Late September…. early October. In central Washington state, that’s grape harvest time. My wine making group picked and crushed wine grapes last weekend. It’s been a late year for harvest due to cool conditions.

Tree Top also has a “grape crush”, only we bring in Concord grapes to make into juice. I love the aroma of Concord grapes. Really, I also like the taste, but I guess that because they also have lots of seeds most people don’t like eating them so they seldom show up in the grocery store. I remember as a kid, when we lived in Erie, Pennsylvania, that my mother would buy Concord grapes and make jelly. Stepping into the processing plant when grapes are being juiced always manages to bring back childhood memories as I catch that heady aroma.

Yesterday, for work, I had the opportunity to visit the vineyard we buy all our Concord grapes from. And I found it very interesting.

This vineyard is huge. Twenty four hundred acres, or about 4 square miles. You really had to see it to take in the magnitude of the operation. Most years this vineyard produces between 15 to 20 thousand tons of Concord grapes. That’s 3 to 4 million pounds!

The part I found most fascinating was watching the mechanical harvestors. I’d heard about them, but never seen them. I watched the machine go up one row, and back down another. Then watched some more trying to figure out how it worked. Lots of moving blades whacking or vibrating the vines, lots of conveyors moving the clusters of grapes to people sitting on perches sorting out the unwanted materials, then conveying the grapes into large gondolas on top of tractors. I was surprised to see that even when the harvester was about 50 yards down the row the vines at the beginning of the row were still vibrating noticeably. Made me wonder how the vines withstand such an assault. But apparently they are very strong. I also noticed that the mechanical picker missed many of the grape clusters at the start of the rows. I asked what they did with those, and when told they didn’t get picked, I readily was given permission to fill up some bags with grapes to bring home with me. Mmm .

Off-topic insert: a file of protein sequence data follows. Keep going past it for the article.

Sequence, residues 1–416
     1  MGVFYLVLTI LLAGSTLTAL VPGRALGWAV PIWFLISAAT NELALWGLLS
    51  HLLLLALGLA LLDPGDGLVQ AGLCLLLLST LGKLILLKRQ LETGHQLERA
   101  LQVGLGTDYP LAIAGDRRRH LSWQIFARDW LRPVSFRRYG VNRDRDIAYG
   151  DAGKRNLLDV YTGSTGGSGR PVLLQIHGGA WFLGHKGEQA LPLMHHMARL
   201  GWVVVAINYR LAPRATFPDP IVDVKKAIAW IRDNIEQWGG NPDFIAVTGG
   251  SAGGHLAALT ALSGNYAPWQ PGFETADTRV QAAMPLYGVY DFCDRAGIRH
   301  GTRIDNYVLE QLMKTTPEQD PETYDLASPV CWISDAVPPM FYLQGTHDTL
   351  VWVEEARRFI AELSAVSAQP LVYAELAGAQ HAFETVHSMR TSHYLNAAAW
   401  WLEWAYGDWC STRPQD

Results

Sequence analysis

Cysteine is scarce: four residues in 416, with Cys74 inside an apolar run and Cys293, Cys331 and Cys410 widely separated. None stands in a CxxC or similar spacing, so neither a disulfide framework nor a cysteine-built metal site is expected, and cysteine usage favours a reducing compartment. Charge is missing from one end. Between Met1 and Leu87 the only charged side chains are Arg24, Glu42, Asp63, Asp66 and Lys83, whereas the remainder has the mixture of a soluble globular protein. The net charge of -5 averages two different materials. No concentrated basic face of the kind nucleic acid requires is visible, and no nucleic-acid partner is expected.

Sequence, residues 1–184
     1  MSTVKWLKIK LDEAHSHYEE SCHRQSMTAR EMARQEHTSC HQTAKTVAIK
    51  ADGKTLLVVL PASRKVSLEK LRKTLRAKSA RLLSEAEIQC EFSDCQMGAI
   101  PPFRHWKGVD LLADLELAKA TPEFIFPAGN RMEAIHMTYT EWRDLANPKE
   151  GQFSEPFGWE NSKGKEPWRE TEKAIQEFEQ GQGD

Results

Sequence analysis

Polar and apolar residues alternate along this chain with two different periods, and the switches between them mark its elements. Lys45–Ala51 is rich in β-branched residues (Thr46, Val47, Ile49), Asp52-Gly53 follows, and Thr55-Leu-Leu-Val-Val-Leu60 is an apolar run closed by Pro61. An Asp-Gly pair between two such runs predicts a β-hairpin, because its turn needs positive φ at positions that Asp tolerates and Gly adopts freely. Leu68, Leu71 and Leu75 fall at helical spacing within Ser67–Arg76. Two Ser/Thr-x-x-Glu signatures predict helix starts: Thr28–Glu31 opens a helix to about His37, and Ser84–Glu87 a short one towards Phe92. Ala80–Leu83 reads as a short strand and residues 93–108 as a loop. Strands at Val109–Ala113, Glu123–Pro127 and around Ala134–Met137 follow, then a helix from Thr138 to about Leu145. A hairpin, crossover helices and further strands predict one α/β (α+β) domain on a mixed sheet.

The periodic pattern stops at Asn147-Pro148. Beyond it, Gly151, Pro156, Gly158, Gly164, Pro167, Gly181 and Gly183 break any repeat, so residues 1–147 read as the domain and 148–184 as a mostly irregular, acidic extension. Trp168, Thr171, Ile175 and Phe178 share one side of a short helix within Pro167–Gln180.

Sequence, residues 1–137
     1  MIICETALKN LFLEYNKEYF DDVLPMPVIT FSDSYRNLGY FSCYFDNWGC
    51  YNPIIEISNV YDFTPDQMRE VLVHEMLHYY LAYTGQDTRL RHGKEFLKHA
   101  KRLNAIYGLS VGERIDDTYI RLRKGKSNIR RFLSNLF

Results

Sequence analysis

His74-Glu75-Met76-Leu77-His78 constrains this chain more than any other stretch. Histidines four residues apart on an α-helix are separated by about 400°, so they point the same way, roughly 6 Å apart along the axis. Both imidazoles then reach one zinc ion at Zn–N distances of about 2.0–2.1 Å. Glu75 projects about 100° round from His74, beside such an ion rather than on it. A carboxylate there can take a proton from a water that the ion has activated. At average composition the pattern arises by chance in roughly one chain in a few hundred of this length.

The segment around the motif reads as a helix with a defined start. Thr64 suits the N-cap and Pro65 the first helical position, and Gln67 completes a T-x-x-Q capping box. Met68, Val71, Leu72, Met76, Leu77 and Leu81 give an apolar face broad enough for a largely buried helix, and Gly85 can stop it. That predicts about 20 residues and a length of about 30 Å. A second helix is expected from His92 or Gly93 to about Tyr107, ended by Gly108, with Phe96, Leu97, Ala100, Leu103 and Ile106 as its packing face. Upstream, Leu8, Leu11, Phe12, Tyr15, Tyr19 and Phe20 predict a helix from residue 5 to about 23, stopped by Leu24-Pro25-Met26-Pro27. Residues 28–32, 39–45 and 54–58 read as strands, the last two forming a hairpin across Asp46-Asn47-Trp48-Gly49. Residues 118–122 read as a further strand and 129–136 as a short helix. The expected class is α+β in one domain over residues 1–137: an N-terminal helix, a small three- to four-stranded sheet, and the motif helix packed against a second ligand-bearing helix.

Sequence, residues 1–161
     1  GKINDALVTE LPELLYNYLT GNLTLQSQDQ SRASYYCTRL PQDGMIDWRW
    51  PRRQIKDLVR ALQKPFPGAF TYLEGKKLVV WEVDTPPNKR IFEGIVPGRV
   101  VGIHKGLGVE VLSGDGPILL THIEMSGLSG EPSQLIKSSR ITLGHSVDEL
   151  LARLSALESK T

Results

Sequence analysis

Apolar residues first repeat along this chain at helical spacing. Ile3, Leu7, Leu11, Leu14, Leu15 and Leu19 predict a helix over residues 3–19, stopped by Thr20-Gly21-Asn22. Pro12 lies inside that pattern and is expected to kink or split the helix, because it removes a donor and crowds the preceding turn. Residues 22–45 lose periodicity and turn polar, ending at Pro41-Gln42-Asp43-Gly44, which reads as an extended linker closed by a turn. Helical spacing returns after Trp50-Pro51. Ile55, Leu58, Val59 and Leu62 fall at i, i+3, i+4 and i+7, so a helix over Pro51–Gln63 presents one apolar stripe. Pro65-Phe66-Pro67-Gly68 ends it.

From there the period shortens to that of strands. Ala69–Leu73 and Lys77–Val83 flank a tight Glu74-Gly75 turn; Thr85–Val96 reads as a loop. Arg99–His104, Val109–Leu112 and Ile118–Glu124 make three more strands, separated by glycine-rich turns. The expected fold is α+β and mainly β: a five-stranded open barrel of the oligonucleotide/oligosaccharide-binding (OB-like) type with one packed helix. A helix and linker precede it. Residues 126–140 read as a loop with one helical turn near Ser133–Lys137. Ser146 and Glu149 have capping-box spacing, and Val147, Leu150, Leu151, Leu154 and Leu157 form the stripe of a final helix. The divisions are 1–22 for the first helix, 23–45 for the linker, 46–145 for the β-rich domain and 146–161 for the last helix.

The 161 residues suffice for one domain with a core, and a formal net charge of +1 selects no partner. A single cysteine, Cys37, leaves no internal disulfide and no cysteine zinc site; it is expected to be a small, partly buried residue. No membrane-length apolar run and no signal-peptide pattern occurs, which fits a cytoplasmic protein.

Soup’s on in Selah

Vichyssoise

My time in high school French class comes in handy every once in a while. I think I can pronounce the name of the soup I made last night. But then, if someone atually heard me saying it I’m also sure they would be at least mentally shaking their head and saying “no, no, it’s not pronounced that way!”

Yakima Farmer’s market last Sunday yielded some nice looking leeks. I say nice looking because that’s what they were. The problem was that nice as they looked, I have to confess that I’ve seldom cooked with them, so I wasn’t quite sure what they would be used in. After reading some cookbooks for inspiration, I decided, with Dave seconding the vote, to try making a very basic potato leek soup. From the Joy of Cooking I discovered that if I added some milk or cream to it, that made it into Vichyssoise. Oo la la!

I did have to look up just how to handle the leeks. Thanks to the internet, I found a fellow blogger who had posted good, clear photos illustrating how to both slice and clean them. The soup was very easy.

Here’s a link to the recipe I used.

Clean and slice up the leeks, peel and cube a few Yukon Gold potatoes, add water and salt and simmer for half an hour or so. At that step I was supposed to puree it, but my beloved immersion blender stopped working a little while ago and hasn’t been replaced yet. And I know better than to try using the blender with hot soups. I know this from some “real life experiences” that didn’t turn out very well both from the messes made and from a safety standpoint. So I kind of mushed the soup up with a fork a bit, and then added some cream (yes, very rich and tasty). I also fried up the few remaining slices of bacon in the refrigerator with some thyme from the garden for sprinking on top. And then added some snips of parsley for color. I did omit the cognac….

I served it with a baguette. Verdict? Oh, very, very good. So simple yet so satisfying. I’ll make this again.

Not quite what I envisioned…..

Dave pointed out a recipe in the latest issue of Sunset magazine. It was a mid eastern lamb stew cooked inside a squash. It looked really good in the photo. We decided to try something similar. The thought was that it wasn’t necessary really to use the same stew recipe, but alter it to fit ingredients on hand, and cook it in a Kubucha squash bought yesterday morning at the Yakima Farmer’s Market.

So I made some meatballs, browned them, added lots of cherry tomatoes and some rice, lots of broth. Dave carved up the squash, which ended up much more difficult than we’d thought. It was very thick and hard to cut. Still, he carved it opened and removed the seeds. I filled it with the stew (of sorts), added the squash lid, and put inside a baking pan for a few hours. The squash split, most of the liquid seeped out before cooking down, and it really wasn’t at all like the magazine photo when I pulled it out of the oven. Still, we dished it up onto plates, adding both stew and squash to each serving. It tasted OK – nothing special but also quite edible. Good thing I’d also picked up some fresh cut flowers at the Farmer’s market so that there was at least something good looking on the table!